I have been very lucky to have final cut in all my films; everything that is wrong in them is my fault.
I have ten commandments. The first nine are, thou shalt not bore. The tenth is, thou shalt have right of final cut.
No matter where I am working, I cannot make a film without 100% creative control and final cut. If there is such a guarantee, I can work anywhere.
Watching the completed version of The Two Towers for example, I was very conscious of scenes - sometimes whole sequences - that I had seen being filmed or edited but which hadn't made it into the final cut.
We even did a re-imagining of 'Spider-Man' that James Franco starred in that didn't make it into 'This Is The End'. That didn't make the final cut, but I wouldn't be surprised if it made the DVD.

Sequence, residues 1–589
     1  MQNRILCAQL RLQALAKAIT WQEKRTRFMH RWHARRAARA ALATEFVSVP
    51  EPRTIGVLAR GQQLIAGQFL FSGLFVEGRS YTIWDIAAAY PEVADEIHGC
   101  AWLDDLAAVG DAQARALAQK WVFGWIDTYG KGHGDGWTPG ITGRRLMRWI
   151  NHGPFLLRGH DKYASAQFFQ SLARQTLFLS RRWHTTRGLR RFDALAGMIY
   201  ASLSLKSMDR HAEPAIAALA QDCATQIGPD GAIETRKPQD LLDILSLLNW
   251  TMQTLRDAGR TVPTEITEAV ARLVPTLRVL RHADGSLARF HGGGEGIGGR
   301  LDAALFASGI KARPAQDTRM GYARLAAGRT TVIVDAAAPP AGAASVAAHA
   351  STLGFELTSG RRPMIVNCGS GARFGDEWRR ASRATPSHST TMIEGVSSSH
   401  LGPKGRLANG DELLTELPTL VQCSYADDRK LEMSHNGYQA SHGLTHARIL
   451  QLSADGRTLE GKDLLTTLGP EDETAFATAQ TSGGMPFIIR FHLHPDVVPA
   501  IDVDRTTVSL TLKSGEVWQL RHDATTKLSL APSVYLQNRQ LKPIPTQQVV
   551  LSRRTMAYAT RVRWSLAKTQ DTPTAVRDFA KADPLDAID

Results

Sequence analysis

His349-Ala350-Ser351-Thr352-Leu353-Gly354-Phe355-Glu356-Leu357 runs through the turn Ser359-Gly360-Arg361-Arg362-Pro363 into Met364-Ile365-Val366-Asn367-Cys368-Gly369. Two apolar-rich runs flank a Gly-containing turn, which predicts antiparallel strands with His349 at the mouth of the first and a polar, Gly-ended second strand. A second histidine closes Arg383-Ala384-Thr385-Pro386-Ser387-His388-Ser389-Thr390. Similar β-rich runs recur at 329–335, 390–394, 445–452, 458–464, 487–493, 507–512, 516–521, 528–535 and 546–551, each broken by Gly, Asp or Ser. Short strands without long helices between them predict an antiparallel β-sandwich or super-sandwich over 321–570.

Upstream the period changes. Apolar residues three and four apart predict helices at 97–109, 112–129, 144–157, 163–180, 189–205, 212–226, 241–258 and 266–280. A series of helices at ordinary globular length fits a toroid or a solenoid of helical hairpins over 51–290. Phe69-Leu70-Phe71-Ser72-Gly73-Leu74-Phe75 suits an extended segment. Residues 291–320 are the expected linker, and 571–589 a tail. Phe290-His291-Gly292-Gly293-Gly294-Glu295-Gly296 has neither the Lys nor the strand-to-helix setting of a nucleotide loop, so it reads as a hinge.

The thing I realized about final cut is it's the power of the best cut. I didn't have final cut on 'Prisoners,' but what you saw is the best cut. 'Sicario' is a directors' cut. 'Arrival' is a directors' cut.
I never watch the dailies. What I usually do is have a look at the rough or final cut, and I just get something from the story. Sometimes I start composing even before the director has shot anything. The dailies don't help me at all.
We always said that directors work their whole lives to get final cut on a movie. We have that. So why would you want to run away from what every other director is sprinting toward their entire careers?
There are really only a handful of directors who have a final cut clause in Hollywood. You only get that power if you've made a couple of hundred-million-dollar successes.
If you worry about what's going to end up in the final cut, it's like you're thinking about the endgame.